Pip Pulfer

Bexley Archaeological Group

Tel: 07961 963893

Email:pipspad@hotmail.co.uk

http://www.bag.org.uk

or join our facebook page

The Heritage Journal would like to congratulate all those at Meyn Mamvro magazine (link) on the occasion of their 25th anniversary.

The current Issue 77 marks the actual anniversary, although at three volumes per year I’m not personally sure why the anniversary has been delayed for this issue, and not the 75th. But it’s a bumper issue, with all the usual columns on dowsing, site maintenance and pagan news, but focuses mainly upon Fogous, the site type that is particular to Cornwall but which may be related to those sites known as Souterains elsewhere.

‘Pathways to the Past’ covers the area of Lower Boscaswell, with a walk that takes in Pendeen Fogou, Boscaswell Fogou and Lower Boscaswell Holy Well, as well as other sites in the area. There is also an in-depth look at Boleigh Fogou before the two main anniversary articles.

Firstly is a reprint of an article from the initial issue entitled ‘The Riddle of the Fogous’, by Craig Wetherhill. This is followed by an article ‘Into the Underworld’, discussing the progress made from 25 Years of Fogou Research.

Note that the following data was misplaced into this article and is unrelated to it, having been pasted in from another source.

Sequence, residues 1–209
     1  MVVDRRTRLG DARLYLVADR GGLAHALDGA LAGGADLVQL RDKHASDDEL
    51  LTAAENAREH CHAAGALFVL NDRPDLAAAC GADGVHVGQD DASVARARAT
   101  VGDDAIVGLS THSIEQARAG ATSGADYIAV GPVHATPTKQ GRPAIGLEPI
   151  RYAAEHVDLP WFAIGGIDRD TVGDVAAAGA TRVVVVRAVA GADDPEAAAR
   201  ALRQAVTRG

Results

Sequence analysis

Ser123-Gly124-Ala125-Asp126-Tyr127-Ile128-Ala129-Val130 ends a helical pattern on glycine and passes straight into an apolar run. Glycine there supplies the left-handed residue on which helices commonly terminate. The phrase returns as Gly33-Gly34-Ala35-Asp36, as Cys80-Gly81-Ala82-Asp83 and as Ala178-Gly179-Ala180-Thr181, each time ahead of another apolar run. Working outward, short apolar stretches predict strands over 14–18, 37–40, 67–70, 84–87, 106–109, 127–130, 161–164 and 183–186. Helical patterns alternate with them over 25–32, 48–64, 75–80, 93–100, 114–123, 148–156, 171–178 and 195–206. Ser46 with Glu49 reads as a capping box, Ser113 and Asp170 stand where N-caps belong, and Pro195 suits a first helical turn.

For anyone with an interest in Cornish archaeology and associated ‘Earth Mysteries’, Meyn Mamvro is a must-have publication, available at £9 for a 12 month subscription (3 issues).  Full details, and a comprehensive index of articles from back issues can be found on their
website.

You may recall how one of the official reasons for supporting the Bond’s Garage development at Avebury was the fact the village needed low cost housing for young people.

Well, if you’re a young person on a low income you still have a golden chance to move there. In fact three. Three small units remain, each at only £355,000 !

(Ask your Bank. Only £70,000 deposit and £1792.95 per month!)

The video below was recently brought to our attention. It looks as if this may be part of a series by ‘The Bald Explorer’, otherwise known as Richard Vobes. It’s a slightly irreverent and popularist look at some of England’s earliest monuments. If it is indeed the start of a series, then I for one can’t wait for the next installment!

History You Can Touch from Richard Vobes on Vimeo.

Our next willing subject to be put under the HA microscope is Dr. Mike Heyworth, M.B.E., Director of the Council for British Archaeology.

Brief Bio: